US military tried portable nuclear power at remote bases 60 years ago – it didn’t go well | Kiowa County Press


Part of a portable nuclear power plant arrived at Camp Century in 1960. Bettmann Archives / Getty Images

Paul Bierman, University of Vermont

In a tunnel 40 feet below the surface of the Greenland ice cap, a Geiger counter screamed. It was in 1964, at the height of the Cold War. American soldiers in the tunnel, 800 miles from the North Pole, were dismantling the military’s first portable nuclear reactor.

Commander Joseph Franklin grabbed the radiation detector, ordered his men out, and made a quick investigation before withdrawing from the reactor.

He had spent about two minutes exposed to a radiation field which he estimated at 2,000 rads per hour, enough to make a person sick. Upon his return from Greenland, the military sent Franklin to the Bethesda Naval Hospital. There he set off a whole body radiation meter designed to assess victims of nuclear accidents. Franklin was radioactive.

The military called the reactor portable, even at 330 tons, because it was built from parts that each fit in a C-130 cargo plane. It supplied Camp Century, one of the most unusual military bases.

Three people stand at the opening of a trench with a half-round metal cover
The Camp Century tunnels began as trenches dug in the ice. U.S. Army Corps of Engineers

Camp Century was a series of tunnels built into the Greenland ice cap and used for both military research and science projects. The military boasted that the nuclear reactor there, known as the PM-2A, only needed 44 pounds of uranium to replace a million or more gallons of diesel fuel. The heat from the reactor turned on the lights and equipment and allowed the approximately 200 men at the camp as many hot showers as they wanted in the brutally cold environment.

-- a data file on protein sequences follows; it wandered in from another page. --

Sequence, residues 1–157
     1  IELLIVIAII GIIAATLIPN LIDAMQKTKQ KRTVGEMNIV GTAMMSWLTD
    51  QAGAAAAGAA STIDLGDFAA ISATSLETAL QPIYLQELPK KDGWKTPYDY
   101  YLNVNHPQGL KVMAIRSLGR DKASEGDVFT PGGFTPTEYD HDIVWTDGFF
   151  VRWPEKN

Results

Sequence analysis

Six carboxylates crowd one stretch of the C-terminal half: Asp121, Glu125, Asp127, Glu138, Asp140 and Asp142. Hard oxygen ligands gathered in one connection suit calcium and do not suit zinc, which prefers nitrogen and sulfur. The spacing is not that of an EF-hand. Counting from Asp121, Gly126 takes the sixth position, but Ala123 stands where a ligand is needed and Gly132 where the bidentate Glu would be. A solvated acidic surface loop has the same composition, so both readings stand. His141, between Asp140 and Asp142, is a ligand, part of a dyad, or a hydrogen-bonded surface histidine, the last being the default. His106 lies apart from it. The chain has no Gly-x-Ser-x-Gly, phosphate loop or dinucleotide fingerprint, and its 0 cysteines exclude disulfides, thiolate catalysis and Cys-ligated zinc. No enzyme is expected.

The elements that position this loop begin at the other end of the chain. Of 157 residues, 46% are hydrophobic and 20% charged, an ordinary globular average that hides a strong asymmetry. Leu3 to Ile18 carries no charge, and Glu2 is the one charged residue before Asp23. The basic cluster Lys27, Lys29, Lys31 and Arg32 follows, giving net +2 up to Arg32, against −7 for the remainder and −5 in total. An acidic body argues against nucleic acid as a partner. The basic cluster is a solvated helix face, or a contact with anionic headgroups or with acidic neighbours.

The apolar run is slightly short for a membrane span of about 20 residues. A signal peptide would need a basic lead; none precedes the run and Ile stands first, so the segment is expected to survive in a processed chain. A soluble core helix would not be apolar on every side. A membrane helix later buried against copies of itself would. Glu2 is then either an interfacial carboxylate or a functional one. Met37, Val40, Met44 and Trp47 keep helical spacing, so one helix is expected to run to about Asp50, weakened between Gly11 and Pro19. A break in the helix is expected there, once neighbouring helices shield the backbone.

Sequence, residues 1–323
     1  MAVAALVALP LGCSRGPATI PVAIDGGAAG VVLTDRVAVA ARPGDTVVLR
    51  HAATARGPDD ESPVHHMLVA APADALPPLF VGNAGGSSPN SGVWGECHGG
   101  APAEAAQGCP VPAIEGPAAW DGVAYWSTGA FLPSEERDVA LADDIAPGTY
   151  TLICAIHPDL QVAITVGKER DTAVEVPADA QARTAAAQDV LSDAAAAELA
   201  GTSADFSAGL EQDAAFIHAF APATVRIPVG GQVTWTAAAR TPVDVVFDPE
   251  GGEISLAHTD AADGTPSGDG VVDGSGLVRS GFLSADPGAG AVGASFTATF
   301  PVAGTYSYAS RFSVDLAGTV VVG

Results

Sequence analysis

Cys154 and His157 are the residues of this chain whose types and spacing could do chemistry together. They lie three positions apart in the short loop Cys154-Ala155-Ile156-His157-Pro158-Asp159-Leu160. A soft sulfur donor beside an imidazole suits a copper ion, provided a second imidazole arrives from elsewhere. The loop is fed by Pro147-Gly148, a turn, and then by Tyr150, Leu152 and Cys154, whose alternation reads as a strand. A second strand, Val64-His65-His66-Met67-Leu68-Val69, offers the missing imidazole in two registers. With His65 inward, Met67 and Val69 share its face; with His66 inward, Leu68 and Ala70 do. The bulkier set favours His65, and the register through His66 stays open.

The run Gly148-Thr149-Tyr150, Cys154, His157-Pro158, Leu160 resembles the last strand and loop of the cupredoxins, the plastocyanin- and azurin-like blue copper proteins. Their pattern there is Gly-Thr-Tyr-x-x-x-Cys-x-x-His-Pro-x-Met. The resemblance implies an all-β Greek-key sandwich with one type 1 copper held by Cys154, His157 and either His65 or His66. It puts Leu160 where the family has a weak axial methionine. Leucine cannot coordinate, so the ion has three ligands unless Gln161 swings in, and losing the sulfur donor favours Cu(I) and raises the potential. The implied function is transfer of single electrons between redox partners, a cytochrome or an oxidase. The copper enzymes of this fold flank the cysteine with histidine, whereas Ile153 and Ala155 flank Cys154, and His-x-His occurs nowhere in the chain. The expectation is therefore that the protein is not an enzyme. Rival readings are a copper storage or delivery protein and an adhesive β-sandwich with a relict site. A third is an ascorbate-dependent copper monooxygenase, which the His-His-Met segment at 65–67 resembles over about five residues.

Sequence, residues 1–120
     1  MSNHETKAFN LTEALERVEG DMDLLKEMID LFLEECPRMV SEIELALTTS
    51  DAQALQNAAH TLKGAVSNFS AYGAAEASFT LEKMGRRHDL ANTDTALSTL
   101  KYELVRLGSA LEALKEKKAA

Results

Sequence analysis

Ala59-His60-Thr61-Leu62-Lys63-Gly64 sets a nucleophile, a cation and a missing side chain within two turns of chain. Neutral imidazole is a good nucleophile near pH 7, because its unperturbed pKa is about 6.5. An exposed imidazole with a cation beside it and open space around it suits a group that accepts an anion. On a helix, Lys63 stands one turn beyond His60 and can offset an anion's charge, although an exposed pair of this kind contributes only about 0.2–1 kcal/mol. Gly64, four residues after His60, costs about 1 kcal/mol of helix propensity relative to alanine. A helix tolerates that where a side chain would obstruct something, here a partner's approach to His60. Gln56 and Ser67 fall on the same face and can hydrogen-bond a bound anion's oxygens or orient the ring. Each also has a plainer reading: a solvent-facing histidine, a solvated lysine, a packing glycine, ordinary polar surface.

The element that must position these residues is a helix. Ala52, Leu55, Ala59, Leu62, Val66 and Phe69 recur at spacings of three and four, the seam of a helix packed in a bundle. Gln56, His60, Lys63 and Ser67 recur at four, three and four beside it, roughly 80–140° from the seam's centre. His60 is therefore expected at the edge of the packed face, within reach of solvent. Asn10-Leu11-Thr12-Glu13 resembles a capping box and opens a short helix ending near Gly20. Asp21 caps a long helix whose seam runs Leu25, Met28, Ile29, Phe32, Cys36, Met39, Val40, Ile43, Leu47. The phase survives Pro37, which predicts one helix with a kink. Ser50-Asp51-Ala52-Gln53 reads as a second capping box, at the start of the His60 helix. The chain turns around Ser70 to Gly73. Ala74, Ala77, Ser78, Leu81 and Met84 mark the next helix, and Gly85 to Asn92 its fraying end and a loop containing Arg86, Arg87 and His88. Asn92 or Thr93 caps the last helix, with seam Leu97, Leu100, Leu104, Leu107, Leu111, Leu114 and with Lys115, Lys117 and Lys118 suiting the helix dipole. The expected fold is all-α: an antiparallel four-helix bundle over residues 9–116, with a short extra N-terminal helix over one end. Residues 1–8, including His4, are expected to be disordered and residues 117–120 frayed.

The PM-2A was the third child in a family of eight military reactors, several of which were portable nuclear power experiments.

A few were unsuitable. The PM-3A, nicknamed Nukey Poo, was stationed at the McMurdo Sound Naval Base in Antarctica. It made a nuclear mess in Antarctica, with 438 malfunctions in 10 years including a cracked and leaking containment vessel. SL-1, a low-power stationary nuclear reactor in Idaho, exploded during refueling, killing three men. SM-1 is still 12 miles from the White House in Fort Belvoir, Virginia. It cost US $ 2 million to build and cleanup is expected to cost US $ 68 million. The only truly mobile reactor, the ML-1, never really worked.

A truck with a box on a trailer behind it
The military abandoned its truck-mounted portable reactor program in 1965. This is the ML-1. U.S. Army Corps of Engineers

Almost 60 years after the installation of the PM-2A and the abandonment of Project ML-1, the US military is once again exploring portable nuclear reactors on the ground.